As our nation grows in population and we deal with issues of unemployment and the social well-being of our citizens, the issue of immigration must of necessity be dealt with in a rational and humane way, giving priority to those who enter our country through legal and approved channels – but we must never become a nation where ugly and brutal nationalism is allowed to become a vehicle for the demonization of any race, creed or culture. Our national language is English, and those immigrants who have been most successful are the ones who have assimilated rapidly, learned the language and the culture of their adopted home, and mainstreamed themselves and their children. But remembering and honoring their cultural heritage is also a big part of who they are, and how they interact with and contribute to the nation.
If you’re going to insist on English only, you must by rights exclude yourself from ever eating at Acquerello in San Francisco (in fact, you must refer to it as Saint Francis, and no one will know what the hqiz you are talking about) or Piccolo Angolo in New York; you are prohibited from ever driving a Porsche or a Mercedes-Benz; you may never refer to a shiatsu massage or a reiki treatment; you can’t drink vodka; taboo is taboo; you can never again use ketchup; and heaven help you if you want to eat fondue.
For the love of whatever you hold sacred, fight racism, exclusionism, nationalism and xenophobia with every fiber of your being. Every American citizen in this country is entitled to the same respect and status – remember, in the end, – with the exception of Native Americans who were here long before the Mayflower – we all got here on a boat one way or another.
There is a serious cognitive disconnect in our society. Paula Deen has been pretty much thrown in the dumpster for using the word “nigger”… once. Yet “Django Unchained” throws that word around one hundred and thirteen times, and earns an 88% (reviewers) / 94% (audience) rating at Rotten Tomatoes.
This isn’t Huckleberry Finn, a book written in 1884 and “a product of its times” (that book uses the word 203 times, by the way)… this is a 2012 production that has grossed over $423 million, and won two academy awards – one for best screenplay.
I abhor prejudice and discrimination in all its forms. Ms. Deen committed a serious error in judgment when she dropped that word in public  and I’m not condoning or justifying what she did… but rather, I’m asking the question, “Why was “Django” so popular if, by virtue of statistics, it should have been found 113 times as offensive as one person’s lapse of good manners?” Where’s the justification for that kind of popularity? If this racial slur is as offensive as everyone at politically-correct dinner parties and media newsrooms seems to think, how could a movie like this even get greenlighted, let alone make it to the Academy Awards?
There are a lot of people out there still talking about race relations, but I’d be really interested to hear what Morgan Freeman thought about this. He’s the one who pointed out that we’ll never get past the issue of race until we stop talking about it, and movies like “Django” seem – in my simple opinion – to be a force counter to progress toward greater humanity. That means that if a word is unquestionably offensive, everyone ought to stop using it. White folk shouldn’t use it. Black folk shouldn’t use it (claiming that they’ve pre-empted it, and made it “theirs”). Filmmakers and authors shouldn’t use it. If people keep using an offensive word and sometimes it’s OK and sometimes it’s not, then there are some serious questions to be asked.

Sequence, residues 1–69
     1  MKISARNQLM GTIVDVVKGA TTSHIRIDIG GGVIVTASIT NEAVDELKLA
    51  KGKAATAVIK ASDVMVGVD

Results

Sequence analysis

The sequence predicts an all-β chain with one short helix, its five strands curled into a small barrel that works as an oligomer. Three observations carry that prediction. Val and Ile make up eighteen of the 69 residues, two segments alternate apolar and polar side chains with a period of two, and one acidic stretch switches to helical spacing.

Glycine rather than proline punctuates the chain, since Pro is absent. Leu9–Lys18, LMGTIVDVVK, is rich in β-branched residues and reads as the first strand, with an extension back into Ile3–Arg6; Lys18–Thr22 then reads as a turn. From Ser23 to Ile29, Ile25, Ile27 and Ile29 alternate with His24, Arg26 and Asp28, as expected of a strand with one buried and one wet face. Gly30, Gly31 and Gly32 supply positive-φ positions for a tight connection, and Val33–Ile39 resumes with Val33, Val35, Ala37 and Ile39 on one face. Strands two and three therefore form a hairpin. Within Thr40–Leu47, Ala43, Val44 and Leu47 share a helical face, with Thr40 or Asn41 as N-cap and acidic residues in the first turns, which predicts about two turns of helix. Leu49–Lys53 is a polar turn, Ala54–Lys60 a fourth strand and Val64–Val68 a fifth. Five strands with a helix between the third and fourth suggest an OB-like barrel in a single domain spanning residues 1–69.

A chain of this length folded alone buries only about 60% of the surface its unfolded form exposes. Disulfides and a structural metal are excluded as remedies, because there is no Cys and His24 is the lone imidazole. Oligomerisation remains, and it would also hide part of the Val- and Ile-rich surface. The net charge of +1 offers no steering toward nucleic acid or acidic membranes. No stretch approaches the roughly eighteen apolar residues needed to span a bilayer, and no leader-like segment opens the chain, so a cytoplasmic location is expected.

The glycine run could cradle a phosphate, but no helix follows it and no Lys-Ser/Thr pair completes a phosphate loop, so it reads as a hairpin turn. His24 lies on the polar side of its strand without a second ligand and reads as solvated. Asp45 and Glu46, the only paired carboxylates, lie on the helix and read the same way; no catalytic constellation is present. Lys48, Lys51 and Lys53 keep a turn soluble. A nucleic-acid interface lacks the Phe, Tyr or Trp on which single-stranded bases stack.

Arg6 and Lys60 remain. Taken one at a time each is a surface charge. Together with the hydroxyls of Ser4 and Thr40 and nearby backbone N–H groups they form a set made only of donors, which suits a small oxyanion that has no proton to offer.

I have no real answers, but the matter – in the words of Khan – “tasks me”… and I felt moved to put the questions out there.
The Old Wolf has spoken.
 I’m aware that her problems are a bit more complex than the one incident in question, but for the sake of simplicity I won’t elaborate on that here, as the other issues don’t really bear on the root problem.
Utah gets nothing but sugar beets (now a defunct industry.) Colorado gets a mint, Montana gets Injuns, the South gets nothing but happy darkies workin’ in the fields. Pretty sad map all the way around, if you ask me; even discounting the racism, it doesn’t even highlight the best things each state has to offer.
I’d like to think we’ve come a bit farther than this.
A 1994 documentary, now approaching 20 years old, depicting how young Native Americans perceive racism. I would not be going out on a limb to say that the same film could be made today.
Racism exists. It cannot be denied, or covered up, or excused. It is tied to the same mechanism that drives bullying, in the family, the schoolyard, or the workplace. Racism rears its head when people deny their better nature and look for mechanisms to justify their behavior. It is fed by the “us vs. them” dichotomy.
In a world that works for everyone, with no one left out, there is no room for hatred or cruelty. Despite all our technological advances as a race (and here I mean the human race), in some ways we are still scrabbling about in the mud. If we are to reach the stars, these weak and foolish tendencies must be rooted out of the global psyche.